Cabaret, a French invention, reached its zenith in Paris at the Moulin Rouge in the 1890s. At the same time a Gallic version of Music Hall flourished, followed in the new century by Revue. Local songwriters like Maurice Yvain established the typical chanson, gritty and yet melodic. Maurice Chevalier, raised in poverty, rapidly became a star as the onstage and offstage beau of cabaret queen Mistinguett at the Folies Bergere where the chorus girls pranced in next-to-nothing. While Mistinguett specialized in melodramatic songs of violent love (“Mon Homme”), Chevalier, after being exposed to American rag and jazz during the war, took to the style, stamping the American imports with his exaggerated Parisian street accent and winking macho suggestiveness. Hollywood soon called for his worldly-wise boulevardier charm. Meanwhile Josephine Baker and other black jazz singers had crossed over to wow Paris with their spicy and sensual offerings. Baker, sensibly, learned to sing in French, thus honoring the cabaret tradition, and even out-did the dance stunts of the naughty ladies at the Folies Bergere.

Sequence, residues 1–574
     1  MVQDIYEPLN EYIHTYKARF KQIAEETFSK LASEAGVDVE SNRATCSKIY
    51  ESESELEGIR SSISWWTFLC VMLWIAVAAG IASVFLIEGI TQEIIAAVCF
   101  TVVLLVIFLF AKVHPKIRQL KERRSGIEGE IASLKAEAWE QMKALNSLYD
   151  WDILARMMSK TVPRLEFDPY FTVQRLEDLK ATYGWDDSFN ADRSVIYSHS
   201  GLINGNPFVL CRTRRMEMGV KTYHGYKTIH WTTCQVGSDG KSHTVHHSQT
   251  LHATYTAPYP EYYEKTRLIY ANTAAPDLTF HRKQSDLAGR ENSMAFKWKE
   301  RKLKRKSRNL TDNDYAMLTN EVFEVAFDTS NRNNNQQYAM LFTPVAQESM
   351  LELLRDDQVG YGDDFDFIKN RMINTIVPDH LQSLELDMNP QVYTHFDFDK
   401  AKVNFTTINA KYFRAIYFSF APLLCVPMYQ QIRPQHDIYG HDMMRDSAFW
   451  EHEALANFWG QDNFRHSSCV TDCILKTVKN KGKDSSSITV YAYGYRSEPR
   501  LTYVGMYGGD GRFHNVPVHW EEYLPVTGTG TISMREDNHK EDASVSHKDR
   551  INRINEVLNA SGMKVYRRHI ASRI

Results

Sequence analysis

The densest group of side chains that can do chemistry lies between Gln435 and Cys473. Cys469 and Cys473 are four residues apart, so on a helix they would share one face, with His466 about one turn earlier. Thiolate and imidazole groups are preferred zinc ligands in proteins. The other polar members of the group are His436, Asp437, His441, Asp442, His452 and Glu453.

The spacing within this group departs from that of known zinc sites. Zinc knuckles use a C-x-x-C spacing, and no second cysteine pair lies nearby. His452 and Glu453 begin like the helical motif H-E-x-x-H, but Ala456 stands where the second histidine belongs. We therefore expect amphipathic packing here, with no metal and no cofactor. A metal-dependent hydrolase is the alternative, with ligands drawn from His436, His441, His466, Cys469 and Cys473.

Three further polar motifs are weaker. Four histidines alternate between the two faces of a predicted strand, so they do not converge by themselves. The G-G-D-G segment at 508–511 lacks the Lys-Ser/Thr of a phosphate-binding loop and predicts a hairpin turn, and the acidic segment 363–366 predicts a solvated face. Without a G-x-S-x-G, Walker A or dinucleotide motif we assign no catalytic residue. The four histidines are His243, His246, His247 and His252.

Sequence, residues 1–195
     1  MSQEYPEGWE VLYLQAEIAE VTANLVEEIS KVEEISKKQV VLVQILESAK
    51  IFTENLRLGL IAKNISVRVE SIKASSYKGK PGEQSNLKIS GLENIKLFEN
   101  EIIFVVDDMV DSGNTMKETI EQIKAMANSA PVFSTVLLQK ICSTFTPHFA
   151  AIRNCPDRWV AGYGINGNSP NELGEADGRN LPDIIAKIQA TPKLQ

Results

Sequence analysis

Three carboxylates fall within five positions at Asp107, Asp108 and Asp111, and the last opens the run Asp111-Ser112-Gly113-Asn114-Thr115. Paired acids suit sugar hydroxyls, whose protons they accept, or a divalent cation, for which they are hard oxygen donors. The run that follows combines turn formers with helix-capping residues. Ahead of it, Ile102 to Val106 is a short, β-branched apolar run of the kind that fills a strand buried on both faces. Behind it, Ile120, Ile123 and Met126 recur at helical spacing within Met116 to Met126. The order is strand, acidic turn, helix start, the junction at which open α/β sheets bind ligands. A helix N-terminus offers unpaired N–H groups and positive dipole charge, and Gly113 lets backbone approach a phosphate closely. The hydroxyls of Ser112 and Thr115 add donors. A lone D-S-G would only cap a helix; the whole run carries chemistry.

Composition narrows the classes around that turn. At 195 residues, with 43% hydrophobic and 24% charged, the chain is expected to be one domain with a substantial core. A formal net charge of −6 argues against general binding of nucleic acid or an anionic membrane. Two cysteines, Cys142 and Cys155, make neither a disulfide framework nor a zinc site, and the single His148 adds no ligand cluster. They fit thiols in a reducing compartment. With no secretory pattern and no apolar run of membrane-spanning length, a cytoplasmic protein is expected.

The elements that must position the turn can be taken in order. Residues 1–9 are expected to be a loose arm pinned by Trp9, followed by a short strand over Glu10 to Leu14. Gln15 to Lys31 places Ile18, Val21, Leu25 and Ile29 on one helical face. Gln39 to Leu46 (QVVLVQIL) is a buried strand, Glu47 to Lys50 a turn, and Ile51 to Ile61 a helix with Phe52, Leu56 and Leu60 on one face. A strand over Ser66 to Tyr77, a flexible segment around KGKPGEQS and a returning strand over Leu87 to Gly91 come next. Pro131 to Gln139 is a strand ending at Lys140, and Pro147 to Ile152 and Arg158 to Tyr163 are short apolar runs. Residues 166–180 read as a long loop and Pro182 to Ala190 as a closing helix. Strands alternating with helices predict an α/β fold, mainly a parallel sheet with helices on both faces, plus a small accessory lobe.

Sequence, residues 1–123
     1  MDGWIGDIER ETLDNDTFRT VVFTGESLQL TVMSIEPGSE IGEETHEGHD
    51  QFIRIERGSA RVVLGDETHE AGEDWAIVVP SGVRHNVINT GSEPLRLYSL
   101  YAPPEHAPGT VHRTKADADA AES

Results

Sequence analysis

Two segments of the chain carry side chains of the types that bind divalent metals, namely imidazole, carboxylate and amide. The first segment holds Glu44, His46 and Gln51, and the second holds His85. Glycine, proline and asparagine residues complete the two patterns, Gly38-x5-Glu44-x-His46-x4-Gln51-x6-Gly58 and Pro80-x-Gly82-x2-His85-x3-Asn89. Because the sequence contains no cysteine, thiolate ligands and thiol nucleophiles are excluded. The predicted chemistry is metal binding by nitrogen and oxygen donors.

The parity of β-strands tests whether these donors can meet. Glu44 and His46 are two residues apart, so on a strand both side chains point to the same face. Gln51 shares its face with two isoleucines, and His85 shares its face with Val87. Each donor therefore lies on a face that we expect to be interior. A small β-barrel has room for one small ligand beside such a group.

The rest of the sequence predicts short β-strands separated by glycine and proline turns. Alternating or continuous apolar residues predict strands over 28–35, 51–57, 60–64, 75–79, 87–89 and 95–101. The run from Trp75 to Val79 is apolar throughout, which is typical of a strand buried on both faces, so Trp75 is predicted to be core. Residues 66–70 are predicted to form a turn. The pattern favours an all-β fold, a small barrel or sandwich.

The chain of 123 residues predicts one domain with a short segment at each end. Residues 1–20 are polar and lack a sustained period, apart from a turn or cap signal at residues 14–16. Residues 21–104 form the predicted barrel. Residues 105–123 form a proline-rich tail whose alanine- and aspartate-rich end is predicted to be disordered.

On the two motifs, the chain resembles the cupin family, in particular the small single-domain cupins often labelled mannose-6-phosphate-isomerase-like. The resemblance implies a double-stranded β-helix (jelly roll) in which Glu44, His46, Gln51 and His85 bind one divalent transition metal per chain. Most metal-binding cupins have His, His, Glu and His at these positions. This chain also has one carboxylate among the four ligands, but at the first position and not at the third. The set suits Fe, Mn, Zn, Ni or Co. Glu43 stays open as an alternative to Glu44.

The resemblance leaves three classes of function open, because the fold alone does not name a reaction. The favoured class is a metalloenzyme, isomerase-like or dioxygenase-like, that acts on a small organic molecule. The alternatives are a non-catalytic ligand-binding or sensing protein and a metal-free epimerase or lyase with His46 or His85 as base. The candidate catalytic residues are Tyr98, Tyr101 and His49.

But for American expatriates (seemingly disembarking by the hour) in search of a Paris relatively unspoiled by the incursions of hot jazz, blues and the ubiquitous foxtrot, the place to be was dark, dingy and exciting, cultural miles away from the ritzy revues and cabarets: At the Bal Musettes were tough and rough ouvrier rascals hurling their women partners across the floor in frenzied waltzes and torrid tangos to the native strain of wet accordion and springy banjo, now augmented with a wobbly saxophone. This was a France of resistance to America, off-limits to tourists, irresistible to slumming expats